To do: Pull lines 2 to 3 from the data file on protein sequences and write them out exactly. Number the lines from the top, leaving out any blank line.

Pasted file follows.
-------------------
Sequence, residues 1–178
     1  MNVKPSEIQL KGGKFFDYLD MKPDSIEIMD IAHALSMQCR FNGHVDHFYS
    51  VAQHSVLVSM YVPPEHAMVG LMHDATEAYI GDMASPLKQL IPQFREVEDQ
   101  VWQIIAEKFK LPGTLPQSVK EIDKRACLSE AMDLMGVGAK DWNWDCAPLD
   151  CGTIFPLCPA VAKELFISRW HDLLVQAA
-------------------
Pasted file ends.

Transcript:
     1  MNVKPSEIQL KGGKFFDYLD MKPDSIEIMD IAHALSMQCR FNGHVDHFYS
    51  VAQHSVLVSM YVPPEHAMVG LMHDATEAYI GDMASPLKQL IPQFREVEDQ